Increasing the promotional efforts to attract more visitors from different regions in the world. As it is observed that the vast majority of participants in the Janadriyah festival are local residents. In addition, there is a need to organize training programs to all staff participating in the organization of the festival supervised by academics and professionals. Organizing seminars during the festival in order to increase the awareness of local residents with importance of the cultural heritage and how to keep it. And at the end, the program of the festival has to be updated from one session to another in order to attract more attendees.
The integrated model of the study represent an added value to the research in the field of tourism festivals.
What ought we morally to do in a tourism academia dominated by metrics, quantification and digital codification? The purpose of this paper is to address this question by presenting the idea of “hyper academia” and exploring ethical perspectives and values related to hyper-digital cultures.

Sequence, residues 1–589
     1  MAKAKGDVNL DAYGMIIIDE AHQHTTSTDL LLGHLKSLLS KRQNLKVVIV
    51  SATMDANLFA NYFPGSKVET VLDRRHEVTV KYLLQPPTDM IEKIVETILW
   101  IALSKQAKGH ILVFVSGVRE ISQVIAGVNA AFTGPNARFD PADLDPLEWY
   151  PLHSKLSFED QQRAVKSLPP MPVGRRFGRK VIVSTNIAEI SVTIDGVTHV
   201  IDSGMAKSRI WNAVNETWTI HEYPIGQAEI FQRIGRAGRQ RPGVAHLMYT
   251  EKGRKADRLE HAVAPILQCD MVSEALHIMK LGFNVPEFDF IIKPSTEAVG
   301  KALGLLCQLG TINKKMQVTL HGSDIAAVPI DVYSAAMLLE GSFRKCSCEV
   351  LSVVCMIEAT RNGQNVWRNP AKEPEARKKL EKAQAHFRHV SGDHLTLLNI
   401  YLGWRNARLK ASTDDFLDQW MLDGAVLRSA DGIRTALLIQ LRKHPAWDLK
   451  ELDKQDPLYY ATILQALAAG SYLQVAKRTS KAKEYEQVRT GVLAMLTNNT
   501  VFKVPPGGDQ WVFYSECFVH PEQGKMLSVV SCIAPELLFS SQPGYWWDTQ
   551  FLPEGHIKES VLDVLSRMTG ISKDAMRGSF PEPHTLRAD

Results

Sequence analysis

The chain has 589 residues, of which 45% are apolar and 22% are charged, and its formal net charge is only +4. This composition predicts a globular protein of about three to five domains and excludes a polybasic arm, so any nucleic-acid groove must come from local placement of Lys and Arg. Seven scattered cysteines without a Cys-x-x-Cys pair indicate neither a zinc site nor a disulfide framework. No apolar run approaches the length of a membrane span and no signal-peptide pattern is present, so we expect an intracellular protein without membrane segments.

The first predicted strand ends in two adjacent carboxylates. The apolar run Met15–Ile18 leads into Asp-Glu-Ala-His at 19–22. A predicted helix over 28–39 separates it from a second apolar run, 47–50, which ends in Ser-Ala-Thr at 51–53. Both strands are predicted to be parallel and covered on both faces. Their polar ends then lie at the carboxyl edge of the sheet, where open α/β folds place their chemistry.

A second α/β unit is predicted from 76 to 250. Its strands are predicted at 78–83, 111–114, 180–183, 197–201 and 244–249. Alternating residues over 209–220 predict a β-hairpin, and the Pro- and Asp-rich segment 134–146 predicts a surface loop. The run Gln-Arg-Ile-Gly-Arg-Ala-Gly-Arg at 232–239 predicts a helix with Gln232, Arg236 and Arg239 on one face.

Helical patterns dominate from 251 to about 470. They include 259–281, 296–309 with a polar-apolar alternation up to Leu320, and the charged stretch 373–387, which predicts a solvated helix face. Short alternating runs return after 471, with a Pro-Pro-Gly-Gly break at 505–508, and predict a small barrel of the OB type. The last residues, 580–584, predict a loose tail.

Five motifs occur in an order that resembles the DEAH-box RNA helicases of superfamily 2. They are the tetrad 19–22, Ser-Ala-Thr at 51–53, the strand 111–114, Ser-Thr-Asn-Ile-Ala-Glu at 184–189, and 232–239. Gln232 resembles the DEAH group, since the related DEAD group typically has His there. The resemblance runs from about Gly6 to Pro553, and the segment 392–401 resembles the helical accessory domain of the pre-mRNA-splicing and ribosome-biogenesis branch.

Drawing inspiration from classical and post-disciplinary traditions, the topic is exposed in a creative and multi-layered way using conceptual, philosophical and artistic tools. It is structured in four sections: An introductory essay on gratitude, a philosophical thought experiment, a literary short story and a manifesto.
Gratitude referencing is a method of personalizing the attribution of influence in scholarship and restoring the importance of depth and slowness over speed, novelty and quantity. The thought experiment allows us to see how we make value judgements on academic work under different scenarios. The dystopian short story shows the radical power that such a genre has to create emotional engagement whilst activating our critical reflexivity. Finally, the manifesto answers the question of what we morally “ought to do” by inviting scholars to engage with five duties.
This paper looks beyond previous descriptive studies of academic rankings and metrics, inviting tourism scholars to reflect on the values and moral justifications behind our evaluation cultures.